Occurrence of Alternariol and Alternariolmonomethyl ether in edible oils: Their thermal stability and intake assessment in state of Uttar Pradesh, India.

Affiliation

Bansal M(1)(2), Saifi IJ(1)(2), Dev I(1)(2), Sonkar AK(3), Dixit S(1), Singh SP(3), Ansari KM(1).
Author information:
(1)Food Toxicology Laboratory. Food, Drug, and Chemical Toxicology Group, CSIR-Indian Institute of Toxicology Research, Vishvigyan Bhawan, 31 Mahatma Gandhi Marg, Lucknow, UP, 226001, India.
(2)Academy of Scientific and Innovative Research
(AcSIR), Ghaziabad, UP, 201002, India.
(3)Analytical Chemistry Laboratory, Regulatory Toxicology Group, CSIR-Indian Institute of Toxicology Research, Vishvigyan Bhawan, 31 Mahatma Gandhi Marg, Lucknow, UP, 226001, India.

Abstract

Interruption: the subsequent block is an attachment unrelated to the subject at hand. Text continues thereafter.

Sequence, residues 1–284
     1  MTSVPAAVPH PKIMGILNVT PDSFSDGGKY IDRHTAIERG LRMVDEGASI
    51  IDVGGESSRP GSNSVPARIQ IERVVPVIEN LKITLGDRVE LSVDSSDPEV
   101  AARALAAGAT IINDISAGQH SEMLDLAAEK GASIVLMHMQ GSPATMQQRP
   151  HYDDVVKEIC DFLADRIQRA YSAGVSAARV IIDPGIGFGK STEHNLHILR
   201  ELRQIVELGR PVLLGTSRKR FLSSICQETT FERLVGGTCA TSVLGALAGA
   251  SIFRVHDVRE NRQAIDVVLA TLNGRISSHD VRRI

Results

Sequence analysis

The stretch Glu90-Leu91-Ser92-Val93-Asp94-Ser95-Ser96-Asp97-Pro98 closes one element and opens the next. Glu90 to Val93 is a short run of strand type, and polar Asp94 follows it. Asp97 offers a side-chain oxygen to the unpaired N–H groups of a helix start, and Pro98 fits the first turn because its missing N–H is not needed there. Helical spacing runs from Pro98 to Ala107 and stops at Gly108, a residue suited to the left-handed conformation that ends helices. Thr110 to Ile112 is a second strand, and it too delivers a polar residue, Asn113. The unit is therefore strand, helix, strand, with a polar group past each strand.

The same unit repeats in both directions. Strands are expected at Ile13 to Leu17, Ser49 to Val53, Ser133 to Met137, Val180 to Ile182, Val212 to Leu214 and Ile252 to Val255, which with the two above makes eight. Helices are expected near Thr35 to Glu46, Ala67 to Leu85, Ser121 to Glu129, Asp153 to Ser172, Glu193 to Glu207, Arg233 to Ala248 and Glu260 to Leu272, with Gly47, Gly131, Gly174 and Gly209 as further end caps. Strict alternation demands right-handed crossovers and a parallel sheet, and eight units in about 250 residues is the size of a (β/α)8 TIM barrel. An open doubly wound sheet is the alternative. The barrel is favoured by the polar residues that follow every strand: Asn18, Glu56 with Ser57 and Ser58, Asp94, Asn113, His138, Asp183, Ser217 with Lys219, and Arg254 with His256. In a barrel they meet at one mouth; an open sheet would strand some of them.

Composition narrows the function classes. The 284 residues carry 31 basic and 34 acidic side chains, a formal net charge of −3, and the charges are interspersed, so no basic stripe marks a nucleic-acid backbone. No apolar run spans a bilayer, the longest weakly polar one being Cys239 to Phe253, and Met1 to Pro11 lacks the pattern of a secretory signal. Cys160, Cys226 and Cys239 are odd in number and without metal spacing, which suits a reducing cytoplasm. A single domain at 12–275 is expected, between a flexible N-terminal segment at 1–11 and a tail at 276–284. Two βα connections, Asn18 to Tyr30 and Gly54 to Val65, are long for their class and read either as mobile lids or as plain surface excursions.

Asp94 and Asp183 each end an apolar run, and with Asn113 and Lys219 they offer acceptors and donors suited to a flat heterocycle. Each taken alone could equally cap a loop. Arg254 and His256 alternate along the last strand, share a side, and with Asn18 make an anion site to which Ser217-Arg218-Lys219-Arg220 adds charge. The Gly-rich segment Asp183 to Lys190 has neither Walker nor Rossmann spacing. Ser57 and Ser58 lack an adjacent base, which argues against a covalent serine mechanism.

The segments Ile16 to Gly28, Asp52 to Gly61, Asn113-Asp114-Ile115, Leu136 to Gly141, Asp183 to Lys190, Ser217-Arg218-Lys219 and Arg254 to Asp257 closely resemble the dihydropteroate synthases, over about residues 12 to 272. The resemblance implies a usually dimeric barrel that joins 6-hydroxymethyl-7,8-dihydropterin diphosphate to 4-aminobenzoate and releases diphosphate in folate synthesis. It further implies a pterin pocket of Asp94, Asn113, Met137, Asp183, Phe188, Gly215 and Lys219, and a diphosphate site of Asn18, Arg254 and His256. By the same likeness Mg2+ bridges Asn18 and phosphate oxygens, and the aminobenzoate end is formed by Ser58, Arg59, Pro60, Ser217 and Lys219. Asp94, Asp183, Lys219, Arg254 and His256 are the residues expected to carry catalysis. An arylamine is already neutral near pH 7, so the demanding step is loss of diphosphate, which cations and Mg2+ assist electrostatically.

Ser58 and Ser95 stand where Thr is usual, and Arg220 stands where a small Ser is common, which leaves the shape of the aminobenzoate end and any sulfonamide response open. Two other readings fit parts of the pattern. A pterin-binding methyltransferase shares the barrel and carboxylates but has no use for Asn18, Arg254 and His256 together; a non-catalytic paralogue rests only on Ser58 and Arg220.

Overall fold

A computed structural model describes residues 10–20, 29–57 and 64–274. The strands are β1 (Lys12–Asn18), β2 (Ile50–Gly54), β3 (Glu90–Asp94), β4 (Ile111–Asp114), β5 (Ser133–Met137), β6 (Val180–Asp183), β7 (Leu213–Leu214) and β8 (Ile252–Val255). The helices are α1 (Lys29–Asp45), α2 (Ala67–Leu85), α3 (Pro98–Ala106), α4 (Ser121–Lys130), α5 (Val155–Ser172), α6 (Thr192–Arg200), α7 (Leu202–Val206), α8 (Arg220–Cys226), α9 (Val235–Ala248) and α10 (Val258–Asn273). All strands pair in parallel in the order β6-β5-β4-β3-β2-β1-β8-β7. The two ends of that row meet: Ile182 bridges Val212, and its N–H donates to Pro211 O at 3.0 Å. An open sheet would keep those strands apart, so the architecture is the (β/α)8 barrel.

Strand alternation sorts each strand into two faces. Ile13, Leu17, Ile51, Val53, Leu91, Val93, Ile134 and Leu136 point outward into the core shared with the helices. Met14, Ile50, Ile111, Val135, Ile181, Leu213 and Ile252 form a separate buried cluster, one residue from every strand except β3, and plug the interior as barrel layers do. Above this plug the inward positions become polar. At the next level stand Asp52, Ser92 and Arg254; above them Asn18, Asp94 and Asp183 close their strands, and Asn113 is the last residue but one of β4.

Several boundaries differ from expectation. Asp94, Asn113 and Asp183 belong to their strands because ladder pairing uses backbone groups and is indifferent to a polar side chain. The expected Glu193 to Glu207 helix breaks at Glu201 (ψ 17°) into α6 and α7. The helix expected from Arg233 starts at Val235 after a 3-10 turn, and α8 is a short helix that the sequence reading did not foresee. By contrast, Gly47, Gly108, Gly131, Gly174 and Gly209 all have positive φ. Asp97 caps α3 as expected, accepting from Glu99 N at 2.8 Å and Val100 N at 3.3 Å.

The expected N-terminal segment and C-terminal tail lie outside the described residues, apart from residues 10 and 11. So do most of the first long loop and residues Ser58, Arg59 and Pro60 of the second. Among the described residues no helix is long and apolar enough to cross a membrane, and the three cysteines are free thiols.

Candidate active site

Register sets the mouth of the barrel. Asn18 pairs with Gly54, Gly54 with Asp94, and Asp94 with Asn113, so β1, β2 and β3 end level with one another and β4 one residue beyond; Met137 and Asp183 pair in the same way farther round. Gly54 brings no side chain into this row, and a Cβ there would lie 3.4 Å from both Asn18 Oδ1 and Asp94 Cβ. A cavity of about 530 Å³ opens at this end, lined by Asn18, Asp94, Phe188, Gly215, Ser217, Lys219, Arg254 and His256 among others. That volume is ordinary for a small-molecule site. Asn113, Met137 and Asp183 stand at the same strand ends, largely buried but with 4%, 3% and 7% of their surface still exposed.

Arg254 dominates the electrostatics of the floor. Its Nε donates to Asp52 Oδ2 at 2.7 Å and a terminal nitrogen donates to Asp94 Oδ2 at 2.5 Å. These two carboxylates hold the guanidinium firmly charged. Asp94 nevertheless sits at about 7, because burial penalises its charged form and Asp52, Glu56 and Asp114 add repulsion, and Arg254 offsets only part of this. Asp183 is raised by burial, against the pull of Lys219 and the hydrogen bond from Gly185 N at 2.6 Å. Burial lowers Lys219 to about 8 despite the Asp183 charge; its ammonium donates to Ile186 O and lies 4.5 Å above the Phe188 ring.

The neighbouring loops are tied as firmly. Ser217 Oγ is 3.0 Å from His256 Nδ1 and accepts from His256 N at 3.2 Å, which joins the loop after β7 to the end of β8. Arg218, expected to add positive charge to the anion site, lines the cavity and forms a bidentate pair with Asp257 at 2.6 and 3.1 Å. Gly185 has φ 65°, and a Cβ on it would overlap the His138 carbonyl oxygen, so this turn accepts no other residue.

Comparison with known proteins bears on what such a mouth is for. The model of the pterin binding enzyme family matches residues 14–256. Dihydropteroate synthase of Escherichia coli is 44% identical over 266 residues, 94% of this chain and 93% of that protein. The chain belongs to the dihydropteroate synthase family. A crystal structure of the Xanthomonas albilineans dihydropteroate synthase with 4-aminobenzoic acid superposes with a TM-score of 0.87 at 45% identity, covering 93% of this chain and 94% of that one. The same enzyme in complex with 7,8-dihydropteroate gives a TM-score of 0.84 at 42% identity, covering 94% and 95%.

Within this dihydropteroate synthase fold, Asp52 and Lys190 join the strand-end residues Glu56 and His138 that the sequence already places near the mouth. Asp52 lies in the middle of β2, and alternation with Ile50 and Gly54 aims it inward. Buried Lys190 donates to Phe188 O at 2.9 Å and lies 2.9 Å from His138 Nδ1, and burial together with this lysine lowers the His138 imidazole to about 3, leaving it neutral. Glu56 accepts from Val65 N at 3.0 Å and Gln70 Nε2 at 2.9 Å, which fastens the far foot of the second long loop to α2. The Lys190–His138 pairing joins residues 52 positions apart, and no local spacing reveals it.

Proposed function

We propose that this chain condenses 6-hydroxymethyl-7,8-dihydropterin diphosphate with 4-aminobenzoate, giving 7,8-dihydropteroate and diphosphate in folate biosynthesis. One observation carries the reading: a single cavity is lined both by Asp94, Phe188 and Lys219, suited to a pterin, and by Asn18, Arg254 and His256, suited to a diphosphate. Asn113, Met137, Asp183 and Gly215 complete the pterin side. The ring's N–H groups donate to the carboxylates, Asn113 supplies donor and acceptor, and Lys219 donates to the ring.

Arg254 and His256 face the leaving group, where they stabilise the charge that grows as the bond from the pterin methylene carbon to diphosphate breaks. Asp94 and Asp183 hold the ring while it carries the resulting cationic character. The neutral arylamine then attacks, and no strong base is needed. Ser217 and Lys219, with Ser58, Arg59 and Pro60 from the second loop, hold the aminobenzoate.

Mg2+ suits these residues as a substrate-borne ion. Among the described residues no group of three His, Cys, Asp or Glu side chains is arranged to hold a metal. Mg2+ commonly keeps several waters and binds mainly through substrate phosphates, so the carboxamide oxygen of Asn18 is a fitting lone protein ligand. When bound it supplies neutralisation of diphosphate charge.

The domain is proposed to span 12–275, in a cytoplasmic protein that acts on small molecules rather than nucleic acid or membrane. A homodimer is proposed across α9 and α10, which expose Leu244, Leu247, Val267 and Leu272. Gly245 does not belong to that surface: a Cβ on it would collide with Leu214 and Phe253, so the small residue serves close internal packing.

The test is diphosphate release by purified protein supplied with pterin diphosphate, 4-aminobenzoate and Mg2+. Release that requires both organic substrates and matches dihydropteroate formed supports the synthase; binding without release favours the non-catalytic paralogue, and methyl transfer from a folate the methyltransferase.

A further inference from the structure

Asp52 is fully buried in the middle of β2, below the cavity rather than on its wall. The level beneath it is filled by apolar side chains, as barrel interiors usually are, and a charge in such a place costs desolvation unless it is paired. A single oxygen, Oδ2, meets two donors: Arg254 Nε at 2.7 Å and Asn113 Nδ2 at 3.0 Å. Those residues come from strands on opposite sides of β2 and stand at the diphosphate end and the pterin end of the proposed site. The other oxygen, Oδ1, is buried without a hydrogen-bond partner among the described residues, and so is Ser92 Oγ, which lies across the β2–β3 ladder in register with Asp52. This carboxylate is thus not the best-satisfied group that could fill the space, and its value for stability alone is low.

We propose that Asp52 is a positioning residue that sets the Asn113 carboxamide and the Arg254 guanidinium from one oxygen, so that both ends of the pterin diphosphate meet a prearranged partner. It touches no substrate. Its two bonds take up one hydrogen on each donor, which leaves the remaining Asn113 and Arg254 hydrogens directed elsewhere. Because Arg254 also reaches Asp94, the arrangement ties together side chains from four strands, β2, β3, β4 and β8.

Alternariol (AOH) and Alternariol monomethyl ether (AME) mycotoxins are found to be present naturally in various food commodities, such as barley, oats, pepper, rye, sorghum, sunflower seeds, tomatoes, and wheat. A few epidemiological studies have correlated the consumption of Alternaria-contaminated cereal grains with higher occurrence of esophageal cancer in Chinese populations. In addition, several studies have reported the toxicological properties of Alternaria mycotoxins. However, surveillance data on AOH and AME occurrence are still limited. Therefore, the goal of this study was to determine the presence of AOH and AME in various commonly consumed, edible oils using HPLC-FLD method. Thirty four percent of samples were found positive for AOH and 35% for AME. Moreover, AOH retained 80% stability, while AME retained 84% stability, after deep frying for 25 min, which is an important factor with respect to Indian cooking style. To the best of our knowledge, this is the first report on the presence of Alternaria mycotoxins in edible oils and their probable dietary intake in Indian population. This surveillance study may help in formulating guidelines for Alternaria mycotoxin levels in India, which are not yet implemented by Food Safety and Standards Authority of India. PRACTICAL APPLICATIONS: At present, no safety guidelines exist for Alternaria mycotoxins in any part of the world. This study will help the regulatory bodies to set permissible levels of Alternaria mycotoxins to safeguard the health of consumers. This study shows that Alternaria mycotoxins are heat stable even after deep frying for 25 min. The data will also help to issue guidelines against exposure of these mycotoxins, keeping in the mind the heat stability factor.